According to the strategic analysis, Wisconsin has 84,000 miles of streams and 1.2 million acres of lakes.

The streams amount to about 1.5 miles of stream for every one square mile of land area, and lakes and impoundments account for about 3.35 percent of the total surface area of the state.

The strategic analysis notes that more than 47 percent of Wisconsin’s original wetlands have been lost, although about 5.3 million acres of wetland remain.

Wetlands are important for a variety of reasons: stormwater and flood water storage; groundwater recharge and discharge; water filtering; protection of shorelines; habitat for wildlife and aquatic organisms; recreational, cultural, educational, scientific, and natural scenic beauty.

According to the strategic analysis, “since 2008, the DNR has issued 41 wetland individual permits and 18 wetland general permits to 31 different permit applicants for activities association with the (industrial sand mine) industry across eight of the 13 counties most greatly affected by the sand mining industry, totaling approximately 26 acres of permanent wetland impacts.”

The report goes on to say, “Barron, Chippewa, Monroe, Trempealeau and Eau Claire counties have had the greatest amount of total wetland fill acreages authorized for (industrial sand mine) activities. Coincidentally, Barron, Chippewa, Monroe and Eau Claire counties are all estimated to have greater than 20 percent wetland indicator soils as a percentage of total county area, with Chippewa nearing 35 percent.”

High capacity wells

In July of 2011, in response to a 2011 Wisconsin Supreme Court decision, the DNR changed its procedures to review each application for a high capacity well to determine whether the well, along with other nearby high capacity wells, would have an adverse impact on waters of the state.

Waters of the state included streams, lakes, wetlands, and public and private wells.

When it was determined that the high capacity well would have an impact on waters of the state, the DNR would either deny or modify the high capacity well permit.

The DNR used this permitting process from 2011 until May of 2016 when the Wisconsin Attorney General issued an opinion on the DNR’s authority to consider environmental impacts for high capacity well applications.

According to the attorney general, in 2011 Act 21, “the Legislature has defined the parameters in which DNR can act to protect the state’s navigable waters and additionally has clarified the ways in which DNR can regulate non-navigable waters.”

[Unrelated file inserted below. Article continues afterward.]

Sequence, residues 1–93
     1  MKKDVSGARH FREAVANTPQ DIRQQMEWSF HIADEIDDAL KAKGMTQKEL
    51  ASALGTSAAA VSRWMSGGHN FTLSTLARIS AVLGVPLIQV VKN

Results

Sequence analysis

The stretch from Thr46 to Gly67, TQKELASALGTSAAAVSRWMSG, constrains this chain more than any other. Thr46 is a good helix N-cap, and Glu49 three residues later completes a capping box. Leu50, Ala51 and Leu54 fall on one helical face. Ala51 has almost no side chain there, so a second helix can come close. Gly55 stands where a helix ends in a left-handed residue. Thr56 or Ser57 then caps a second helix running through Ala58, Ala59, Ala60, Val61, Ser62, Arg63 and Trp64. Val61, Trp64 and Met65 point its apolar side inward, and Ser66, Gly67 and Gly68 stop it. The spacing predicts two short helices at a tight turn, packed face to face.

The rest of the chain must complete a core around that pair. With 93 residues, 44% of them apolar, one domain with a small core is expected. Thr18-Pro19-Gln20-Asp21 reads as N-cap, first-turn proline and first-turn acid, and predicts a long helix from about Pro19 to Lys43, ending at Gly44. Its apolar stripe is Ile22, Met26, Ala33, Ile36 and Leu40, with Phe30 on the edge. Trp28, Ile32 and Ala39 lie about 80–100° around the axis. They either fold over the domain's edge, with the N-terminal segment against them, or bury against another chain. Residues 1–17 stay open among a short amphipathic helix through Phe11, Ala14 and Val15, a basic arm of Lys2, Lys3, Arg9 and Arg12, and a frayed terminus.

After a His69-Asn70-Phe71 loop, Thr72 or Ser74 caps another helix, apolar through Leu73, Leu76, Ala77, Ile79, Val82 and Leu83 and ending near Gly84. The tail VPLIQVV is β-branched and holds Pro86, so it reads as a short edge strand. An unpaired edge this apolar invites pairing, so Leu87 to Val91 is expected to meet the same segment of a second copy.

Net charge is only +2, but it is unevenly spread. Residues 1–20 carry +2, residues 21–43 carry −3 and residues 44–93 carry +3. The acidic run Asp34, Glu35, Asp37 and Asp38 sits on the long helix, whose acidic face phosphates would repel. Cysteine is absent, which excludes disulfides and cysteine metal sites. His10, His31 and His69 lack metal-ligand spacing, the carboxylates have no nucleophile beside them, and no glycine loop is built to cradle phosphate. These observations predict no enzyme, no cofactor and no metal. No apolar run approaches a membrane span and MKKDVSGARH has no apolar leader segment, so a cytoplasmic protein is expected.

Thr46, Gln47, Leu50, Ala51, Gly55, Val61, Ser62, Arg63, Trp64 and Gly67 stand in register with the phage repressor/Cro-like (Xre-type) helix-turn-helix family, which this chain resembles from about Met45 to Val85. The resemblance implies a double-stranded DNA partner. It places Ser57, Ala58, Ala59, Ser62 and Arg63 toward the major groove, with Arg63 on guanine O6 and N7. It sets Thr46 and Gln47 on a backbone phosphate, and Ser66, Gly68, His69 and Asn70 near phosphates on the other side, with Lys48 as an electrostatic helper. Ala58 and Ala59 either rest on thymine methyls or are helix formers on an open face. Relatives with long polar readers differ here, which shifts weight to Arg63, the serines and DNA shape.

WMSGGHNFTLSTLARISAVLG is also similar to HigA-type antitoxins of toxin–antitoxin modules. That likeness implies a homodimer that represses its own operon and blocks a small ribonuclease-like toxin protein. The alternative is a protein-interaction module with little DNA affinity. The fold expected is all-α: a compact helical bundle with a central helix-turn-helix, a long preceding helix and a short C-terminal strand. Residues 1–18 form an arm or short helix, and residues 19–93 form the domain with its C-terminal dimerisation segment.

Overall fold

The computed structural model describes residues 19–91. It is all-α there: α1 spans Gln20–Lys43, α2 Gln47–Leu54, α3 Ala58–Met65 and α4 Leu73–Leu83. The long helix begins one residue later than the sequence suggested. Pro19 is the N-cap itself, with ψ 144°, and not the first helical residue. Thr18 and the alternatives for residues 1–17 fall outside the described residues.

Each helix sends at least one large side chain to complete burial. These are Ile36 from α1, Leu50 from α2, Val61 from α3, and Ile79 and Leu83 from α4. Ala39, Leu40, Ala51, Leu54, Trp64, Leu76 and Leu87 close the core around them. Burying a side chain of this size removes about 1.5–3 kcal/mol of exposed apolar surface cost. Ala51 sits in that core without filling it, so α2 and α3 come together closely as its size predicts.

The attorney general concluded that the DNR can only conduct an environmental review of a high capacity well if it affects a well in a groundwater protection area with a water loss of more than 95 percent of the water withdrawn, or can conduct an environmental review if a high capacity well may have an impact on a spring or if it impacts the water supply of a public utility.

The DNR now reviews permit applications for high capacity wells in accordance with the attorney general’s opinion.

The strategic analysis notes that the number of high capacity wells approved for industrial sand mine applicants increased from 35 in 2011 to 65 in 2014.

Sand mine sites active in 2011 had an average withdrawal capacity of 2.5 million gallons per day whereas sites that became active after 2011 have an average capacity of 1.4 million gallons per day.

In addition, the daily withdrawal capacity for sand mine properties ranges from the smallest site at 200,000 gallons per day to the largest sand mine site capable of withdrawing 7 million gallons per day. The average sand mine site is capable of withdrawing 1.8 million gallons per day.

The total statewide withdrawal of water for sand mines went from 1.4 billion gallons in 2011 to 1.8 billion gallons in 2014, according to the strategic analysis.


A public hearing on the strategic analysis of industrial sand mining will be held July 26 at 4 p.m. at the Chippewa Valley Technical College Business Education Center, in the Casper Conference Center, Room 103A/B, 620 W. Clairemont Avenue in Eau Claire.

The DNR also will accept written comments on the strategic analysis until August 22.

Written comments can be submitted by e-mail to or by regular United States mail to ISM SA Coordinator; WDNR OB/7; P.O. Box 7921; Madison, WI 53707-7921.